Food

Tree of Plenty - Donation Dollars Doubled!

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TREE OF PLENTY

We kicked off the 24th Annual Tree of Plenty campaign on Wednesday Nov. 20 (not so) bright and early with our good friends from CTV. They joined us at the Food Bank for four live hits on their morning show, always good fun!

The Tree of Plenty Campaign is our organization’s largest fundraiser and generates about a third of our annual operating budget.  With help from generous community champions we hope to raise $400,000 AND 400,000 pounds of food to help families right here in Saskatoon.

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Tree of Plenty Icon-01

 - Donate Online -

YOUR  DOLLARS  DOUBLED

Later that morning we held a press conference where Denita Stann PotashCorp VP Investor/Public Relations announced a $1 million matching gift campaign for Saskatchewan Food Banks. Between now and Jan. 16th 2015, every time you donate funds, whether it's directly to us or by attending an event like Huron Carole, every dollar will be doubled!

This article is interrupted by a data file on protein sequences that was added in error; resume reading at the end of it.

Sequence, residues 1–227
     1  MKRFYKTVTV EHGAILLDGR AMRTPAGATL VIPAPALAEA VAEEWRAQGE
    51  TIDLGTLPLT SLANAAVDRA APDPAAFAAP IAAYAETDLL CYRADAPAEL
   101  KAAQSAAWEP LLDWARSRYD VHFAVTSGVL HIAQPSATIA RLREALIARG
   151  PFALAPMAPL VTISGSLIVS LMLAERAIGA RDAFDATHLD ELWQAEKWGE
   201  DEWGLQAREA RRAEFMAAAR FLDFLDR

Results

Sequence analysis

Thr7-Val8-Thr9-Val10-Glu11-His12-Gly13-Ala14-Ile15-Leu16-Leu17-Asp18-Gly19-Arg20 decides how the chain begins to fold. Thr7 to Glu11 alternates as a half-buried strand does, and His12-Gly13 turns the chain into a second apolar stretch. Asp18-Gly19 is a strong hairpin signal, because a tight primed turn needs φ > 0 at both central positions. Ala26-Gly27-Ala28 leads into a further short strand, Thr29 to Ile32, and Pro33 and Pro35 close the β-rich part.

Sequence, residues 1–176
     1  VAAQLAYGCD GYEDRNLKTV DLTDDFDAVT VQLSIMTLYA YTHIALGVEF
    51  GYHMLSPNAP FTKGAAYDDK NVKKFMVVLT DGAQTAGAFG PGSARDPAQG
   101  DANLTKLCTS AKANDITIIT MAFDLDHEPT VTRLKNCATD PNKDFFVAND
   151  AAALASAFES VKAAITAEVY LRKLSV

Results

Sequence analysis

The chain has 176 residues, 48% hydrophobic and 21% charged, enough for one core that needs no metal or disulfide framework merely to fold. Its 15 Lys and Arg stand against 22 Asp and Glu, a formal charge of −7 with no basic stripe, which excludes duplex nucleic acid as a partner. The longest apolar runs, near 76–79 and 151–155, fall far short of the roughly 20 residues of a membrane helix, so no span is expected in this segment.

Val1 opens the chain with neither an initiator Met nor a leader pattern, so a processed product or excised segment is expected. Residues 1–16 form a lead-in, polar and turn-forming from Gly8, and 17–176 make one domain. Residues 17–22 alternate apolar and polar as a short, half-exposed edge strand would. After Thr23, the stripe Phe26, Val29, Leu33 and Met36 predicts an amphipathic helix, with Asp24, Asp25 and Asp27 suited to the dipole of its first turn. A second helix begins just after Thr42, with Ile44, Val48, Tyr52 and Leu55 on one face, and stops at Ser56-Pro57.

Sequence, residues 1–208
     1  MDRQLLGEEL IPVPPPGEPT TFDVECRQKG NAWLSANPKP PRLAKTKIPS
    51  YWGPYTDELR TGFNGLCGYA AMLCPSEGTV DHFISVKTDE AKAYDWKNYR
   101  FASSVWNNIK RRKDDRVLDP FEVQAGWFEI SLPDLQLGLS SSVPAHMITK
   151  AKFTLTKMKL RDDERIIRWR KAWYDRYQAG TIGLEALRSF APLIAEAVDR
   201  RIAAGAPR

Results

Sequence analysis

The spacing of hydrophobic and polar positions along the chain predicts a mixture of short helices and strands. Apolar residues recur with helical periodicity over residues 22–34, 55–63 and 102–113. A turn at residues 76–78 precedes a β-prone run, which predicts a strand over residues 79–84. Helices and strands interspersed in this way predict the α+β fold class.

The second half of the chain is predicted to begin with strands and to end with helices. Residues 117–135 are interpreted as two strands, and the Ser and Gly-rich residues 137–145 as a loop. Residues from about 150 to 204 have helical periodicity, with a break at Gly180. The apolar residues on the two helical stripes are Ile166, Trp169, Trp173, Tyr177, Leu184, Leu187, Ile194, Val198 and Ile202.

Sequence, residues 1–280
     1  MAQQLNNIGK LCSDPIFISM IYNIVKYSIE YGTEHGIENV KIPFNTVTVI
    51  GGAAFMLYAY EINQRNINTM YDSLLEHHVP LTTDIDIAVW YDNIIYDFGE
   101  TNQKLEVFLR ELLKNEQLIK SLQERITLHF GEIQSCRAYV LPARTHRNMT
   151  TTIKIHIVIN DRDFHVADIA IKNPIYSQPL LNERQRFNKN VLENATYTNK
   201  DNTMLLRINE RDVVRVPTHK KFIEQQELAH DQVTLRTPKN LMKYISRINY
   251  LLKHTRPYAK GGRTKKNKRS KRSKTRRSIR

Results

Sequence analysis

- Donate Here -

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PressConference

Contributing Has Never Been Easier

Simply click hereto make a personal donation online or click here to make a donation in someone’s name as the perfect holiday gift. You can also text givebackyxe to 20222 where you will be asked to choose $5 $10 $20 or $25 *

* (the carriers that participate are nationwide and include: Bell Mobility, MTS Mobility, Rogers Wireless, Telus Mobility, Videotron, and WIND Mobile and all other branches under these carriers-Fido, Koodo, etc. Regular data rates may apply.)

DO SOMETHING AMAZING

Holiday Season 2014

Amazing things happen every day at the Saskatoon Food Bank & Learning Centre.  Our Do Something Amazing movement celebrates the best in all of us.  Over the 2014 holiday season we profile amazing people and events in our community with hopes of inspiring a snow ball effect.

Giving Tuesday